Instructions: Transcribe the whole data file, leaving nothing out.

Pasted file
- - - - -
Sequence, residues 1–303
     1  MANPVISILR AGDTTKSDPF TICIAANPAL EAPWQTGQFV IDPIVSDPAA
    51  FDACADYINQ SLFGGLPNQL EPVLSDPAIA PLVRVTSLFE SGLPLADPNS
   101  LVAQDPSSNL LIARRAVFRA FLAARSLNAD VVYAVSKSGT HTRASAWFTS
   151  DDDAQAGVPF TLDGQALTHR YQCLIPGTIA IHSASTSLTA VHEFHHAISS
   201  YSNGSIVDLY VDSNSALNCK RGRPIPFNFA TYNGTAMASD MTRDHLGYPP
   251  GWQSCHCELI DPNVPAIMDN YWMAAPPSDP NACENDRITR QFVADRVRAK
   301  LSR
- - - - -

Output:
Sequence, residues 1–303
     1  MANPVISILR AGDTTKSDPF TICIAANPAL EAPWQTGQFV IDPIVSDPAA
    51  FDACADYINQ SLFGGLPNQL EPVLSDPAIA PLVRVTSLFE SGLPLADPNS
   101  LVAQDPSSNL LIARRAVFRA FLAARSLNAD VVYAVSKSGT HTRASAWFTS
   151  DDDAQAGVPF TLDGQALTHR YQCLIPGTIA IHSASTSLTA VHEFHHAISS
   201  YSNGSIVDLY VDSNSALNCK RGRPIPFNFA TYNGTAMASD MTRDHLGYPP
   251  GWQSCHCELI DPNVPAIMDN YWMAAPPSDP NACENDRITR QFVADRVRAK
   301  LSR